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Winnipeg Blue Bombers head coach Paul LaPolice (R) and quarterback Buck Pierce run through plays during practice at the start of Grey Cup week in Vancouver, British Columbia, November 23, 2011. The Winnipeg Blue Bombers will play the BC Lions at BC Place in the CFL's 99th Grey Cup football game this Sunday. REUTERS/Todd Korol (TODD KOROL)
Winnipeg Blue Bombers head coach Paul LaPolice (R) and quarterback Buck Pierce run through plays during practice at the start of Grey Cup week in Vancouver, British Columbia, November 23, 2011. The Winnipeg Blue Bombers will play the BC Lions at BC Place in the CFL's 99th Grey Cup football game this Sunday. REUTERS/Todd Korol (TODD KOROL)

Jeff Blair

Grey Cup quarterbacks have one shot at glory Add to ...

A guy doesn’t back up Buck Pierce without understanding the importance of being the Winnipeg Blue Bombers’ No. 2 quarterback as the team seeks to end a 21-year Grey Cup drought on Sunday.

But what does it say that Alex Brink stood on field at B.C. Place Stadium on Friday and, a little more than 48 hours away from the big game, name-dropped Ryan Dinwiddie, without prompting. Sammy Garza? Danny McManus? John Hufnagel and Jim Van Pelt? Brink didn’t know from them. “But, I know about the Dinwiddie one,” the 26-year-old Washington State product said.

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Now, it’s up to Blue Bombers fans to read something into the fact Brink knows all about “the Dinwiddie one,” but for many it will be with a knowing nod and wink. An ‘our secret’ kind of thing, among those with an, um, appreciation for the role the backup QB has played in the Bombers sometimes tortured history – not to mention Pierce’s spirit-willing and body-failing track record.

It is true that recent memories of Bombers backups doing their thing on the big stage aren’t good. Dinwiddie lost the 2007 Grey Cup 23-19, pushed into the spotlight when Kevin Glenn broke his arm in the East final. It was the last time the Bombers made the Grey Cup and extended their winless streak to four. Garza, the son-in-law of then head coach and general manager Cal Murphy, who was dubbed Slingin’ Sammy Son-In-Law, lost the 1993 Grey Cup after Matt Dunigan blew out his Achilles tendon late in the season.

But fear not, Bombers fans, if you see Brink’s reddish, scraggly beard suddenly hidden behind a face-mask at some point on Sunday. In the two biggest drought-busting games in Bombers history, backup QBs played crucial roles. When the Bombers ended an 18-year Grey Cup drought in 1958, it was with Jim Van Pelt running the team in a 35-28 win over the Hamilton Tiger-Cats.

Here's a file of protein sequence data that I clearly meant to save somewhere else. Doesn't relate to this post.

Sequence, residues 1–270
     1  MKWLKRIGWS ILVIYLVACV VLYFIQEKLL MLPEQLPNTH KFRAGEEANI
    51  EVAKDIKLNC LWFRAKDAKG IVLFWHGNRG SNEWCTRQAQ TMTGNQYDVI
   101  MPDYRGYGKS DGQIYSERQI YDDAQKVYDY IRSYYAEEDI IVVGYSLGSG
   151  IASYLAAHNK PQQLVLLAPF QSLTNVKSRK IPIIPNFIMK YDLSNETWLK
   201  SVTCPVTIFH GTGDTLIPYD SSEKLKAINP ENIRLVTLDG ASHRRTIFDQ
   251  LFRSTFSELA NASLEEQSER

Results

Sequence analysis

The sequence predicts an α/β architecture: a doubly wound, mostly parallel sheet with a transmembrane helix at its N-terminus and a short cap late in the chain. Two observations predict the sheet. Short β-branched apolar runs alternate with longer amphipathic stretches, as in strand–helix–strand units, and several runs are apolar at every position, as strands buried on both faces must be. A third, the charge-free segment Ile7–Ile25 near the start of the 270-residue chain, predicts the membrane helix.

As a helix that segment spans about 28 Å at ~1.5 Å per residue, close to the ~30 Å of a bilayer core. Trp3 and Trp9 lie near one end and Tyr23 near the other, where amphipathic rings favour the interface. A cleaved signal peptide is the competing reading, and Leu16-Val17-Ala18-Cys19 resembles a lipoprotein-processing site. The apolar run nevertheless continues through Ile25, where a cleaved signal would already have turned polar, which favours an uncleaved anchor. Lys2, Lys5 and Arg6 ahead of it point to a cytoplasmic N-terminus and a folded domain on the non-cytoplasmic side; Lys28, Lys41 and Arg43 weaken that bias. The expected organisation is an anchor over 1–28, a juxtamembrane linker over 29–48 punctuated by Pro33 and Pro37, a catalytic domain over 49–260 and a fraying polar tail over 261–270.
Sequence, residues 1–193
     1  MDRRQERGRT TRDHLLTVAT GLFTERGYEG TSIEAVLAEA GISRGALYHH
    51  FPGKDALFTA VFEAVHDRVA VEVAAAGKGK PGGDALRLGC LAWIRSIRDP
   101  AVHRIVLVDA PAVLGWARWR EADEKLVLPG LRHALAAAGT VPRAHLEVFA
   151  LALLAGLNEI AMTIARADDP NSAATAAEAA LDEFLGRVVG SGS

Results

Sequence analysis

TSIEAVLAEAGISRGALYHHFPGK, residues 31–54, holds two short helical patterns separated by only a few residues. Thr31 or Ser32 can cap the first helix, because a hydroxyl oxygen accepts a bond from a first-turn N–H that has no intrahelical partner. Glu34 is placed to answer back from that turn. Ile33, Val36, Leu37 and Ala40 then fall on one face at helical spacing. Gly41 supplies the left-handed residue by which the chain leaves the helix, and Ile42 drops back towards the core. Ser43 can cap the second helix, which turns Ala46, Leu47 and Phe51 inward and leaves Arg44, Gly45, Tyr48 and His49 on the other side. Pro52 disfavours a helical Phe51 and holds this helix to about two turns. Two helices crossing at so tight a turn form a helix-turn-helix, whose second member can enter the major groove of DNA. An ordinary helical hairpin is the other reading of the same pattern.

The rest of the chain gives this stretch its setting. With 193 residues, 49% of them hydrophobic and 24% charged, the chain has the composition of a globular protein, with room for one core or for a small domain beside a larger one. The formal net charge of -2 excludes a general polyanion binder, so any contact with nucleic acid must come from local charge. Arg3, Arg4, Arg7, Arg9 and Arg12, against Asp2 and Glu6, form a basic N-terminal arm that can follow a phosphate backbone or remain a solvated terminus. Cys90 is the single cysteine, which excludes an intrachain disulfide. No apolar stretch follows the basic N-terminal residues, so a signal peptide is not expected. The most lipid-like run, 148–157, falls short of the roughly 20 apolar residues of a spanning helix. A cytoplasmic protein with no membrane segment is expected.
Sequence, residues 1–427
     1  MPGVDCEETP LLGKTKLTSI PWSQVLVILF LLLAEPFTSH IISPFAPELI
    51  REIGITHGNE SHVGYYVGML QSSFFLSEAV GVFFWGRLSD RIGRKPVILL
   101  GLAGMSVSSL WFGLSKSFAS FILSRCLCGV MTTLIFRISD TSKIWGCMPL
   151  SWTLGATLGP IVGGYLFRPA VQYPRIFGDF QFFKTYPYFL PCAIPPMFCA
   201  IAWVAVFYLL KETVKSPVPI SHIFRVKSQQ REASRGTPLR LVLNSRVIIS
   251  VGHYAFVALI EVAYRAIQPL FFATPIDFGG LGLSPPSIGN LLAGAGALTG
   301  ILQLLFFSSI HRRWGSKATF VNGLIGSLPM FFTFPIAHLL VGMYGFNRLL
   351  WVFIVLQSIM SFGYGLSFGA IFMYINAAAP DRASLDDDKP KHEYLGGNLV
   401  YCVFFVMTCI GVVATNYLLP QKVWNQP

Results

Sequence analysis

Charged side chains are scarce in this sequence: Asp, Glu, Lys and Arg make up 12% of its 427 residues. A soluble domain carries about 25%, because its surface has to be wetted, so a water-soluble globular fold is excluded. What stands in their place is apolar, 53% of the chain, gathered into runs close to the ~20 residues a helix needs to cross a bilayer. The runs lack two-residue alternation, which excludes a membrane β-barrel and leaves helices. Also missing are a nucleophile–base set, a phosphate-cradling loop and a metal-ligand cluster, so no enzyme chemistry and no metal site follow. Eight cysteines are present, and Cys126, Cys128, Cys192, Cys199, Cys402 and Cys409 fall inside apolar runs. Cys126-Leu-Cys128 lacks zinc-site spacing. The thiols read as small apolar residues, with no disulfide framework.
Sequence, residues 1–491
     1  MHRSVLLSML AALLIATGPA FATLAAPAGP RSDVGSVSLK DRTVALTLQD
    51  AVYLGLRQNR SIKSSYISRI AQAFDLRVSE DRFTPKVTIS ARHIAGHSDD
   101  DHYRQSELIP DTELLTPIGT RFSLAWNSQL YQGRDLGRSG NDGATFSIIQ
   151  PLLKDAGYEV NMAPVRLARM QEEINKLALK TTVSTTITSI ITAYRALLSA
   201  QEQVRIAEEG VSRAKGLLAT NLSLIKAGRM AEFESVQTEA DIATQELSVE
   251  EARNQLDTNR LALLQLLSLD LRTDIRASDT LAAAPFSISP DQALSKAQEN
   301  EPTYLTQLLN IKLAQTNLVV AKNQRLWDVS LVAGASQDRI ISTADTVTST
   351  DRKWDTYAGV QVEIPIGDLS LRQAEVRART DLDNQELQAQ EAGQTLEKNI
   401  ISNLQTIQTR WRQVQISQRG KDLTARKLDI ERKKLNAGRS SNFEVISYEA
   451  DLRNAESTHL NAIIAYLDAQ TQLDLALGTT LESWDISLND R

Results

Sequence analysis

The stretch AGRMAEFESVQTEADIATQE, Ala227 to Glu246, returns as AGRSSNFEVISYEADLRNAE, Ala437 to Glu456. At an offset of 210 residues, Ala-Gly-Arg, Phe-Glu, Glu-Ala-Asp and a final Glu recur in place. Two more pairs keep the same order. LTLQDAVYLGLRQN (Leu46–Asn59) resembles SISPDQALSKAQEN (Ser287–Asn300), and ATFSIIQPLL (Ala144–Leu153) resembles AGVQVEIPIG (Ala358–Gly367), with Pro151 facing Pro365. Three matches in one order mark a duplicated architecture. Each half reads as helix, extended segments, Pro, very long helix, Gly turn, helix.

A former quarterback at Michigan who came north as a defensive halfback and placekicker, Van Pelt set the single-game Grey Cup scoring record with 22 points, on two touchdowns, two field goals and four converts. Ploen hurt his shoulder during the season, and played in the game as wide receiver, combining with his replacement on a trick play. Fast forward to 1984, when the Bombers beat the Tiger-Cats 47-18 in bitterly cold conditions at Edmonton’s Commonwealth Stadium for their first Grey Cup win since 1962 and Hufnagel was called on to bail out Tom Clements, who in addition to playing with a punctured lung lost a contact lens on a short run in a 14-0 game that was spiralling out of control for the Bombers. While a frantic sideline search for a replacement lens and an equally frantic attempt at putting in the lens with a cold wind howling, Hufnagel – now the Calgary Stampeders head coach – coolly put the team in field goal range, and restored a sense of order.

So kudos to Blue Bombers head coach Paul LaPolice for channelling Brian Burke on Friday when he told a news conference that while the Bombers were aware of their history, this current group of players “cannot be held accountable,” for the entire 21-year drought. They have enough on their plate, facing the quarterback across the field, Travis Lulay of the B.C. Lions, who is the league’s newly minted most outstanding player.

LaPolice’s counterpart with the Lions, Wally Buono, takes offence to the suggestion that the CFL is little more than a gridiron green box, a QB recycling program.

“It’s the pressure to win that has created an issue, not the supply of quarterbacks,” said Buono, who in fact cut Pierce in 2009. “If I wasn’t who I was or didn’t have the résumé I had I wouldn’t have survived in this job in 2010 – and I’m not sure that means Travis would have received his chance.”

Brink is a fourth-year pro and is one of many Bombers who will have memories of former assistant coach Richard Harris in their heart on Sunday. Harris was the Bombers’ assistant head coach and defensive line coach who died of cardiac arrest earlier this season. It was Harris who called Brink into his office after Joey Elliot, then the Bombers’ No. 2 pivot, was hurt and told the third-stringer: “Look, you struggled in your rookie year but you’re going to get your opportunity and you’re going to be great. I just know that.” Four days after Harris died, Brink came off the bench and threw a 22-yard, fourth-quarter TD pass to beat the Lions.

“It was like he was looking down from heaven,” Brink said.

It sure seems that the CFL badly needs a transfusion of star-power at the pivot position. But Bombers fans will let others worry about those bigger, weightier issues. Right now, they are quietly preparing to see Brink – all 140 pass attempts and six touchdown passes – on the field this Sunday, less with a sense of doom than an appreciation of history.

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